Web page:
With regulations changing by the week, the Bowl went from planning a modest reopening for sparse crowds to weighing vaccine requirements to planning to return at full capacity.
By Adam Nagourney
LOS ANGELES — They are playing ball at Dodger Stadium, with all 56,000 seats on sale for games beginning next month, and not an inch of social distance between them. Across the country, Radio City Music Hall in New York is flinging open its doors and selling 5,960 shoulder-to-shoulder seats to the vaccinated in a decidedly indoor setting.
As more people get vaccinated and government Covid regulations seem to change by the week, concert and theater venues are scrambling to keep up and figure out when and how to welcome back the crowds they depend on. For the Hollywood Bowl — perhaps the most celebrated outdoor venue in the nation — that has meant making plans, and ripping them up again, as it rides rapidly changing county and state regulations and shifting public attitudes ahead of its planned July 3 opening.
The Bowl has churned through three different opening plans in the space of a month. Plan A, announced at the start of May, called for selling just a 25 percent of its 18,000 seats. Then, when county regulations changed, officials came up with Plan B: selling two-thirds of the seats to the vaccinated, and setting aside just 488 less-than-prime seats for the unvaccinated.
This week the rules changed yet again, as California officials said that beginning June 15 outdoor events could return to full capacity, with attendees urged, but not required, to show proof of vaccination or a negative test results. The Bowl moved to Plan C: It is now preparing to sell 100 percent of the venue.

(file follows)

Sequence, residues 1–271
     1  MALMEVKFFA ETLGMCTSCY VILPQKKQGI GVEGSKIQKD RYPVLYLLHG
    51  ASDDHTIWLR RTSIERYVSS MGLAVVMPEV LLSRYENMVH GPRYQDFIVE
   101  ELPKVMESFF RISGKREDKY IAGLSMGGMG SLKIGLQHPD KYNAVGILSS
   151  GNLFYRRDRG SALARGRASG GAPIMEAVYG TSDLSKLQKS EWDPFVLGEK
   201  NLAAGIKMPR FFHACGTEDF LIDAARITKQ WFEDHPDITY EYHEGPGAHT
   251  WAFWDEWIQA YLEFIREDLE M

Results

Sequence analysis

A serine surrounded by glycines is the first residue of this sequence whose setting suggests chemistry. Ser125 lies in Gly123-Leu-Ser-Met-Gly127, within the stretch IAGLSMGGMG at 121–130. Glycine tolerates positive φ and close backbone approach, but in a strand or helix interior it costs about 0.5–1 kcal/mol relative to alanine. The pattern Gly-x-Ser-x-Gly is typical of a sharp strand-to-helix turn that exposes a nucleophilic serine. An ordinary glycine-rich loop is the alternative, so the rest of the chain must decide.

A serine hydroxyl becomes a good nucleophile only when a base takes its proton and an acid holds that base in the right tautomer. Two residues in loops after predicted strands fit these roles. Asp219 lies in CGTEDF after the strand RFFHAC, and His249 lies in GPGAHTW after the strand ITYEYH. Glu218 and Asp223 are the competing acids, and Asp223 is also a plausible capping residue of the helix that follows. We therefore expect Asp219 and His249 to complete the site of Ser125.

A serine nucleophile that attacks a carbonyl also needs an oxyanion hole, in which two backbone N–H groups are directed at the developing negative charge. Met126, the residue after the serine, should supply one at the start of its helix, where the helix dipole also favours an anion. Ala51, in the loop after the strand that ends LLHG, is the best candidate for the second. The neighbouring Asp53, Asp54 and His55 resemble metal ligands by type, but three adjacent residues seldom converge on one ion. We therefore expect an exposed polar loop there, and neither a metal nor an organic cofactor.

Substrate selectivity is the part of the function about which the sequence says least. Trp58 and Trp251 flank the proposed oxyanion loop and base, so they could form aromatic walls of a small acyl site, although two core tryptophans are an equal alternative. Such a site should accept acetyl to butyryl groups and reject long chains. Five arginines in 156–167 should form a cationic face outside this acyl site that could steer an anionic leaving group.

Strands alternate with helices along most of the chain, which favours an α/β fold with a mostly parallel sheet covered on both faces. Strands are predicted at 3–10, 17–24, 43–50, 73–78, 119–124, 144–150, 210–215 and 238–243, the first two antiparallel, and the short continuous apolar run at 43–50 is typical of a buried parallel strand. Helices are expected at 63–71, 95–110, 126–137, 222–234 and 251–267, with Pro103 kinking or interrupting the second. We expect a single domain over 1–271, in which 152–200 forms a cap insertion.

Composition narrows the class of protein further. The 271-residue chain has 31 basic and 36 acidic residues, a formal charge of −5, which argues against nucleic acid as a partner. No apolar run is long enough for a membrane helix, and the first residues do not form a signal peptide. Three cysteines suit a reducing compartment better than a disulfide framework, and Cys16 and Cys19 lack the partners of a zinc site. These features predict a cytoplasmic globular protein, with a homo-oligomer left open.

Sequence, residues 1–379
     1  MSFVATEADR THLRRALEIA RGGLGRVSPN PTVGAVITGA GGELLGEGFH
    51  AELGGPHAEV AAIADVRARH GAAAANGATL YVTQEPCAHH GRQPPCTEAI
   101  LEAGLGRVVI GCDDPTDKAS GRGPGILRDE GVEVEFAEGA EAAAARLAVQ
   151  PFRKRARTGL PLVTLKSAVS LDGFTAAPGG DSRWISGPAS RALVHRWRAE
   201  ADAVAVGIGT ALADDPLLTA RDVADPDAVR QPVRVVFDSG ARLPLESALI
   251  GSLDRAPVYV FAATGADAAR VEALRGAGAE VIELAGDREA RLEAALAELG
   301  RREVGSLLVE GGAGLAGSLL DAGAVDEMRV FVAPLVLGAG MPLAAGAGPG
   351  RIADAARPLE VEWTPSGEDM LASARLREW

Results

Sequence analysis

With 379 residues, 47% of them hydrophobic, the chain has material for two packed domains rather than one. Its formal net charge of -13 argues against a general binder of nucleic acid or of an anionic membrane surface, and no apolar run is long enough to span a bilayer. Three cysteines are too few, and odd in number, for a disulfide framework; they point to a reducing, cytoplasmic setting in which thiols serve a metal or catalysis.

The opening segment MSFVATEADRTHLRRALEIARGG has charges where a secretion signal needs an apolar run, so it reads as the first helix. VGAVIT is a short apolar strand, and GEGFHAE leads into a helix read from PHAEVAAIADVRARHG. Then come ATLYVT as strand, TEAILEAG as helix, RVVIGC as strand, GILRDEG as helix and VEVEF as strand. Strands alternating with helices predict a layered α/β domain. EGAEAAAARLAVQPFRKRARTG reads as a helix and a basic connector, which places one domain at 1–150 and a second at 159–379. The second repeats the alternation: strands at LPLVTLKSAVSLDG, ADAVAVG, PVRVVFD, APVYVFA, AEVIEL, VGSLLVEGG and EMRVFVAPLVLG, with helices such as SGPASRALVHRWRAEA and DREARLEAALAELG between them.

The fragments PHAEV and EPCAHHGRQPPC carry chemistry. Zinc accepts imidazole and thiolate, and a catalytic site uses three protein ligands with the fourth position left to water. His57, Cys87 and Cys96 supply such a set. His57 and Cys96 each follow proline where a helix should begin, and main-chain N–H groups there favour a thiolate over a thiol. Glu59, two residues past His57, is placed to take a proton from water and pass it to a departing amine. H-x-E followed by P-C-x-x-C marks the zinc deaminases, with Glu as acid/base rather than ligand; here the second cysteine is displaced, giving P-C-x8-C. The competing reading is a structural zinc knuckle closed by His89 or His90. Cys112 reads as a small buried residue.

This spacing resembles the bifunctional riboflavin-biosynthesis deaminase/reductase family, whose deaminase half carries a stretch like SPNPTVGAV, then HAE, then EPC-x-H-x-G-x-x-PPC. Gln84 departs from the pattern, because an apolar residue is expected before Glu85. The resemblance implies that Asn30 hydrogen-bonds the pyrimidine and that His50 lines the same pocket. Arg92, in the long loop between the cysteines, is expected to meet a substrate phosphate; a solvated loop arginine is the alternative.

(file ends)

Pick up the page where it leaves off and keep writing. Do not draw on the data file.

“You’re getting a firsthand look at how difficult this has been to navigate, especially for those of us who want to open up by summer,” said Chad Smith, the chief executive of the Los Angeles Philharmonic, which runs the amphitheater, as he described Plan C. “Each time we are announcing the season based on current protocol — and then the current protocols change.”
The Bowl is juggling the same forces that are confronting venues reeling from the pandemic coast to coast. Most are looking to sell as many seats as possible to recoup more than a year of lost ticket and concession revenues, without scaring off patrons who might not be eager to chance sitting next to someone who has not gotten a shot. Striking the right balance is crucial for the Bowl, which provides most of the revenues for the Los Angeles Philharmonic, which was forced to cut its budget from $152 million to $77 million to make up for plummeting revenues last year.
And the Bowl, carved into a canyon just north of Hollywood Boulevard, is not just another place to see a concert. For nearly 100 years, it has been a rousing symbol of outdoor life and entertainment in Los Angeles and renowned across the country, famous enough to show up as a backdrop in classic films, including “Double Indemnity,” and to be memorialized in a Bugs Bunny cartoon. The Beatles and Bill Clinton have appeared on its stage.
The announcement that there would be no 2020 season — the first time that an entire season had been canceled — was, for many in Los Angeles, a punch to the gut.
“We used to go to the Bowl 12, 14 nights a year,” said Zev Yaroslavsky, who grew up attending the Bowl and became such a champion of it while he served on the county board of supervisors that the main entry gate is named in his honor. “There was a profound void in my life.”
The Bowl’s rituals are shared and ingrained: Gustavo Dudamel, the music director of the Philharmonic, walking onto the stage and using his arms to gesture the crowd to rise for “The Star-Spangled Banner.” The Hollywood-worthy fireworks displays that accompany Tchaikovsky’s “1812” Overture. Even the helicopters that seem to inevitably whop-whop-whop overhead the moment the conductor picks up a baton.
Its under-the-stars concerts, an eclectic program that runs from Mahler symphonies to “Sound of Music” singalongs to pop and world music, starts in May and runs as late as November, with little risk of rain or cold nights. (Novembers can be dicey, as Barbra Streisand can attest after wrapping herself in a blanket while performing as the temperature dropped into the mid-50s, an arctic snap by Southern California standards).
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